News & Reviews

Oberlin Artist Recital Series: The Miró Quartet

March 22 | Reviews

by Daniel Hathaway for ClevelandClassical

The Miró Quartet, two of whose current members formed the ensemble at the Oberlin Conservatory in 1995, visited the campus on Thursday, March 10 to play a gripping Beethoven marathon concert on the Oberlin Artist Recital Series. Founders violinist Daniel Ching and cellist Joshua Gindele joined violinist William Fedkenheuer and violist John Largess for Beethoven’s three “Razumovsky” Quartets, Op. 59.

What a great programming idea! The three quartets share a commissioner — Count Andrey Razumovsky — who was Russia’s ambassador to Vienna, and along with Prince Lichnowsky and Prince Lobkowitz was responsible for a number of important Beethoven commissions of the composer’s middle period. And they’re three wonderfully accomplished and remarkably varied works. Why don’t more quartets play Op. 59 in a single performance?

Probably because it turns out to be a daunting task for the players and a challenge for the audience — though a rewarding one on both sides of the footlights. The Miró’s engrossing performance lasted a few minutes over two hours, and left the audience well-supplied with topics to talk about on the drive home.

The quartet played Op. 59 in order. Quartet No. 1 in F began with high spirits and displayed the ensemble’s sweet sheen of tone and command of the entire dynamic range. The amusing false ending of the Scherzo led to an Adagio full of affecting sforzandos. Daniel Ching’s sudden first violin cadenza that interrupts that movement and leads to the Russian-themed finale inspired not a few appreciative giggles.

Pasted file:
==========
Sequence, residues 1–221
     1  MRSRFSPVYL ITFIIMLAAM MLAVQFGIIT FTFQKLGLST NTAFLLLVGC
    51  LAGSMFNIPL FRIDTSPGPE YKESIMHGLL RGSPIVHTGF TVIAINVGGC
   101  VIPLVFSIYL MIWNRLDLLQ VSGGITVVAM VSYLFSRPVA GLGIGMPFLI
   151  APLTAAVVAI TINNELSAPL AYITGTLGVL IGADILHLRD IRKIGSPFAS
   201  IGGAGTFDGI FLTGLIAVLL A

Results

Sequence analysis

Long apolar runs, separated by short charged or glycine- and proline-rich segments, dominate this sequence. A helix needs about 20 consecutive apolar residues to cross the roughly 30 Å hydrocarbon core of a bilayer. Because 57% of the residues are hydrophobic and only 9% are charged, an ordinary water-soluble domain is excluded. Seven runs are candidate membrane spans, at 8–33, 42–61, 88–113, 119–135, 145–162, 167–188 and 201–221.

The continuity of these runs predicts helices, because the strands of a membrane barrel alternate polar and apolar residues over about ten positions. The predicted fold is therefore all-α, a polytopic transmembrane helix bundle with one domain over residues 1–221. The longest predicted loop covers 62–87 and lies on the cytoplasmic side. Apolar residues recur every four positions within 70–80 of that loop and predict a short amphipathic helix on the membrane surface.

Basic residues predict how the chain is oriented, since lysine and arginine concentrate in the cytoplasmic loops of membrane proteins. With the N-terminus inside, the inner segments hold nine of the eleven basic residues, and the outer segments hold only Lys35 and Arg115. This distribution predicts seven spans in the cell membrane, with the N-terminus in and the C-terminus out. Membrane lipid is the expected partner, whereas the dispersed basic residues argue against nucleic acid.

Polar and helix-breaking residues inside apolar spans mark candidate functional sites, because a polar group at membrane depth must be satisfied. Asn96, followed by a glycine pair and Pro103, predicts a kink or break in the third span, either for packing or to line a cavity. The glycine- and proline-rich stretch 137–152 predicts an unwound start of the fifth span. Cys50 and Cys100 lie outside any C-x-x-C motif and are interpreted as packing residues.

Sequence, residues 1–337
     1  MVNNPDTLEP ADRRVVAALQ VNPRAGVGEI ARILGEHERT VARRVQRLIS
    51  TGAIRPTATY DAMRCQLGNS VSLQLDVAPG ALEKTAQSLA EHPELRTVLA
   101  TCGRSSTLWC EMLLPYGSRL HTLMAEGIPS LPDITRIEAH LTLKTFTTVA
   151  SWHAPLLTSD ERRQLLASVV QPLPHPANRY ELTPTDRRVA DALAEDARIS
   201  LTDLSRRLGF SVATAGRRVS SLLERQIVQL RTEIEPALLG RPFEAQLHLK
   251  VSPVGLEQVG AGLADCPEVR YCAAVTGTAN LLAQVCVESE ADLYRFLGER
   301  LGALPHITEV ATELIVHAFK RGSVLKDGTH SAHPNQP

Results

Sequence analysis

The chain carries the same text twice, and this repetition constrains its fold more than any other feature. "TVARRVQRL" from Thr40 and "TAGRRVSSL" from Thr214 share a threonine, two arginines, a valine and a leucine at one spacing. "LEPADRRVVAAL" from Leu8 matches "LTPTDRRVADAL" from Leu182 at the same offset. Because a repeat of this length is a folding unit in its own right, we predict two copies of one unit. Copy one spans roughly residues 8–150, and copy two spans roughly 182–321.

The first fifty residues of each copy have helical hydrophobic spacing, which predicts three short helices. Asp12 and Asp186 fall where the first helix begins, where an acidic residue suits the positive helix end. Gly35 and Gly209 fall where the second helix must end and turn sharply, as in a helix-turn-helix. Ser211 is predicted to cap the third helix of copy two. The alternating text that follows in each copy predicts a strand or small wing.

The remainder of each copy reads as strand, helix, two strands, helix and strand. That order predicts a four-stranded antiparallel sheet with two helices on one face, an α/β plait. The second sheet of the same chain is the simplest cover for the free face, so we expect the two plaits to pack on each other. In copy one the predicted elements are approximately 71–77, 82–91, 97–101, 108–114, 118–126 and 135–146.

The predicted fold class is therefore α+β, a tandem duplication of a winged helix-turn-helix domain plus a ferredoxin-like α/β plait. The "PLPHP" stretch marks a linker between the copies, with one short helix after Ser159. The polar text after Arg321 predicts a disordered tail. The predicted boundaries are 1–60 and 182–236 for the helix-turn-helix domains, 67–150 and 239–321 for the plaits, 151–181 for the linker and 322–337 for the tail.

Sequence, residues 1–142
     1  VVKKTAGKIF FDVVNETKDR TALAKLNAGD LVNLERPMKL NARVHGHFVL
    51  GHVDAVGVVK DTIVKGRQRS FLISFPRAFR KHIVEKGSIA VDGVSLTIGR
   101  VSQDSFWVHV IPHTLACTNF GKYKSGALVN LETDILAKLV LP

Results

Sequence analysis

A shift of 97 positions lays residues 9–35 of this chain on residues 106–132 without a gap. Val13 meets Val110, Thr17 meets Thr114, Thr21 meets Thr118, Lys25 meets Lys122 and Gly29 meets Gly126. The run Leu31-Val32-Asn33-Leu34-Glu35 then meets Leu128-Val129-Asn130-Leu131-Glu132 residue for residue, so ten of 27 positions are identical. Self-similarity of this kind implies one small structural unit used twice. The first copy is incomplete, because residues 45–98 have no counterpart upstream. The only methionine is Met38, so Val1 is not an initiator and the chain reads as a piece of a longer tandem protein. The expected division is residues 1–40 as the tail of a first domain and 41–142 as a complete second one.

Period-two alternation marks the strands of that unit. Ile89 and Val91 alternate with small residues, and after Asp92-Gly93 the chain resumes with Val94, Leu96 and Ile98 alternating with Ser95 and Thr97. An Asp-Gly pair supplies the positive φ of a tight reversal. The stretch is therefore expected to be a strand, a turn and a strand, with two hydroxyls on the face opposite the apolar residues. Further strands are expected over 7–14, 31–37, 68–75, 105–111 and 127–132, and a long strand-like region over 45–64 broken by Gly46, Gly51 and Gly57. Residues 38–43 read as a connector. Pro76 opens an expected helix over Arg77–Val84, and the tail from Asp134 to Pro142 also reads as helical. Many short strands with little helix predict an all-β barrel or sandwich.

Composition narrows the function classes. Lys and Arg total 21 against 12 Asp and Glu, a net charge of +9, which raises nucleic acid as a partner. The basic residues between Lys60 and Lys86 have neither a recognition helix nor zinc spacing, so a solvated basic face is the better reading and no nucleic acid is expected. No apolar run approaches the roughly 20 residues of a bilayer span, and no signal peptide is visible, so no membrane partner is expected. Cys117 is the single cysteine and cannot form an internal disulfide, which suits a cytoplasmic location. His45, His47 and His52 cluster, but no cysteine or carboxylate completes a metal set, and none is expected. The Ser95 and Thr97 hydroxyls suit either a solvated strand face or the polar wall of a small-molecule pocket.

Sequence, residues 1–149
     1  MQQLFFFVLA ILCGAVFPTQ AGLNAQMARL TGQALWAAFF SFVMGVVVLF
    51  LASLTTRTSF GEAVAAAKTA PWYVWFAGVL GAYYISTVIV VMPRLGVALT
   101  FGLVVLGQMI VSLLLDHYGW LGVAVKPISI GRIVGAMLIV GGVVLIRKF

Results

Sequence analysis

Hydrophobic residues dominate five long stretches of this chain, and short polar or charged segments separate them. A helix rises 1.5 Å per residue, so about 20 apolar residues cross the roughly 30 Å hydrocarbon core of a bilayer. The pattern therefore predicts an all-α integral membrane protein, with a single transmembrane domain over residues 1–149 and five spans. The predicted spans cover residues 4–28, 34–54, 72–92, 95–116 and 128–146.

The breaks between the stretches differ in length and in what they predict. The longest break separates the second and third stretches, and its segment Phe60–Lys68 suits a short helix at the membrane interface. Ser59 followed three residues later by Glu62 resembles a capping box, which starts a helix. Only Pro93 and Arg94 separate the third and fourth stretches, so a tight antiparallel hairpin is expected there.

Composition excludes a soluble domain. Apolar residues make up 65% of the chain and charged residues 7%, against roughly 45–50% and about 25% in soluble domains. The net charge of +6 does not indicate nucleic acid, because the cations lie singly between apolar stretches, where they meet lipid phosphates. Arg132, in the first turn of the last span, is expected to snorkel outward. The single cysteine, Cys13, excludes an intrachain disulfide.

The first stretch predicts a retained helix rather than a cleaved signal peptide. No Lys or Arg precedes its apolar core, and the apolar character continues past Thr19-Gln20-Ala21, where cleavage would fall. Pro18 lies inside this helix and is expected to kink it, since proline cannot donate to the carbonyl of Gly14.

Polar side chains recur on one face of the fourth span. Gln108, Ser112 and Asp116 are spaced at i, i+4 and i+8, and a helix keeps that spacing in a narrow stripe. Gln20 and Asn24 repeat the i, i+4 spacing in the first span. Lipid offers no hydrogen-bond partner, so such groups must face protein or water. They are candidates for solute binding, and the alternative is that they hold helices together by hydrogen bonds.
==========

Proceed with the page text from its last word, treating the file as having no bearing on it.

After intermission, the quartet called the audience to attention with the dramatic opening chords of the Quartet No. 2 in f, the presage to a short but eventful movement. The sweet thirds and sixths that predominate in the Adagio received lyrical treatment from the ensemble, who reined in the tempo of the brisk finale to end with a majestic coda.

Op. 59, No. 3 in C is subtitled “Eroica,” and the Miró took its nickname to heart. After its dramatic Introduzione with diminished seventh chords and a false ending, the players made an enthusiastic accelerando into the Allegro. The Andante features a lyric theme over an ostinato, leading to a coda with striking pizzicatos from cellist Joshua Gindele. The hyperventilating fugue that forms the finale was child’s play in the hands of the Miró from the very first statement of the theme by violist John Largess

The Miró’s unusual seating pattern — first violin, cello, viola, and second violin from left to right — contributed to the excellent balance the quartet maintained all through this demanding program. Facing out toward the audience, second violinist William Fedkenheuer brilliantly overcame his disadvantageous position in the ensemble.

We learned afterwards that the Miró Quartet had taken a red-eye flight from Arizona after a Wednesday evening concert to arrive in time for their Oberlin appearance. You wouldn’t have known that these players might have been suffering from lack of sleep and a two-hour time difference. They were completely alert and on their game from beginning to end of the Razumovsky Quartets. All the more amazing.

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